What if two tax credit units of differing set-asides are over-income and a market unit become available?

Answer: When it comes to multiple over-income units and the AUR, there are some matters not addressed in the statute. As the infographic below demonstrates, there are a few options. Until the IRS clarifies, as long as the vacant market unit is not rented to a market tenant, any consistent approach is likely acceptable with state buy-in. The most conservative option is generally believed to be to rent the market unit to the set-aside of the lowest over-income unit. The industry is seeking guidance from the IRS on this matter.



What if a unit is rented to a household above the designated set-aside for a tax credit unit, despite due diligence measures?

Answer: Such units will affect, not only the applicable fraction for a building, but possibly the minimum set-aside. Units that are set-aside above or at 60% will LOWER or not affect the average. Therefore 60-80% units that go out of compliance will not put the average over 60% and noncompliance will only affect the non compliant unit in the applicable fraction and in the minimum required 40% of units that must be maintained as tax credit. There is much that is unknown about what happens when lower set-aside units are lost to noncompliance. Since their loss RAISES the average, additional units may become tax credit ineligible to restore the average. It is likely that the unit will not support tax credits if any of several possible corrective solutions are not viable. To what extent these options to resolve noncompliance are allowed will depend on IRS guidance, state buy-in and the extent to which set-asides are flexible and can float among units. We sincerely believe that it is best for the industry to allow for the greatest flexibility possible to fix noncompliance within the requirement of the statute. More rigid structuring may be unnecessarily harmful to properties where mistakes happen through human error and not lack of due diligence.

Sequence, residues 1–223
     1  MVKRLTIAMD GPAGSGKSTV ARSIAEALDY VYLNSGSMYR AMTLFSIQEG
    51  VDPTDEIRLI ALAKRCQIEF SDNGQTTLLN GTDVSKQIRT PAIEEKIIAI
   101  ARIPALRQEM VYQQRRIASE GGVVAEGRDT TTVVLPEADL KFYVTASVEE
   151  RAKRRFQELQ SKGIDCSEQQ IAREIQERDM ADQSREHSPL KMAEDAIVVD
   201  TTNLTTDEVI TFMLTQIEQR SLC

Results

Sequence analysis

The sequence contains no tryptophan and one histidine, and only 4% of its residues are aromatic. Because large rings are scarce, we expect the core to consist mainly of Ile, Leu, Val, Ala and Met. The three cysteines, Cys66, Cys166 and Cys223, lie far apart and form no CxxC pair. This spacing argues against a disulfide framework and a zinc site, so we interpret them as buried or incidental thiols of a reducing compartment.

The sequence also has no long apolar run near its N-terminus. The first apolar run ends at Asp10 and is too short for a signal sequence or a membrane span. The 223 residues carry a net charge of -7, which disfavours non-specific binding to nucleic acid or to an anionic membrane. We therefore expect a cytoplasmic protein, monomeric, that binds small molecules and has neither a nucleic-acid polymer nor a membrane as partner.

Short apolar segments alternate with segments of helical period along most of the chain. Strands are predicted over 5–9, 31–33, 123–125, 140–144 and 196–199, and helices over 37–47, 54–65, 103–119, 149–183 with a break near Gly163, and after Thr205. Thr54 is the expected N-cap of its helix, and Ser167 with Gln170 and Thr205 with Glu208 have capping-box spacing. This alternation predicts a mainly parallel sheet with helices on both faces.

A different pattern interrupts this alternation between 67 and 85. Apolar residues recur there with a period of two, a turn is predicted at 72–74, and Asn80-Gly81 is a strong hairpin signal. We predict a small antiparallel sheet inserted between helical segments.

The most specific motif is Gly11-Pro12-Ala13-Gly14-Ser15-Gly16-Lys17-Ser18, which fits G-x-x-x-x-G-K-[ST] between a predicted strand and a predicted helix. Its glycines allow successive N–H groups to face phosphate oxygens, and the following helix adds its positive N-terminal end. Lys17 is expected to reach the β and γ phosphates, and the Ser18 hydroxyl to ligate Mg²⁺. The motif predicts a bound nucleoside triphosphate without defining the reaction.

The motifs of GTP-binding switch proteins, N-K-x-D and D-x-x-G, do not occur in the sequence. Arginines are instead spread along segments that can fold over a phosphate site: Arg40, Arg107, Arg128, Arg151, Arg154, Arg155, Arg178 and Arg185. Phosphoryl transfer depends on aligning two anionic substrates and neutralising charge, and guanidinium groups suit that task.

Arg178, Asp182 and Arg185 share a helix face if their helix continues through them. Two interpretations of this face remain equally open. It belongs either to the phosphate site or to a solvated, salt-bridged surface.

Possible ways to address noncompliance in units

1. Rent vacant market units to tax credit tenants. Renting non-tax credit units (if applicable) to tax credit tenants is an obvious fix. However, formerly tax credit tenants converted to market-rate are likely to continue to qualify for tax credit rent and eviction protections.

2. Re-designate over-income units to higher set-asides. It appears possible that the only non compliant over-income situations at move-in that is not possibly fixable through re-designation of units would be when households exceed 80%. Any household that qualifies under one set-aside qualifies for all set asides above it. However, as this involves raising unit set-asides, and resident rents are likely not changeable mid-lease, lost rent revenue is likely when lower set-aside units are raised. Additionally, it has not been established if set-asides need to be established ahead of time and how flexible these can be.

3. Drop additional units until average is 60% or less. Because of how averaging works, loss of a unit could force additional units out of the minimum set-aside (and applicable fraction(s)) until the average can be re-established. To what extent the units falling out can be chosen by the owner has not been established. It is in the best interest of the property to lose as few as possible. However, units lost to noncompliance should continue to qualify for tax credit rent and eviction protections. This would have the benefit of allowing them back in the applicable fraction and minimum set-aside once compliance is restored.


Since its inception, the tax credit program has helped millions of Americans find decent, safe and sanitary housing that they can afford. The industry has long sought the Income Average Test, and with it we look forward to helping even more people. We also look forward to the asset management benefits it will provide to some properties. These will be well worth the trouble of learning to apply the new option competently.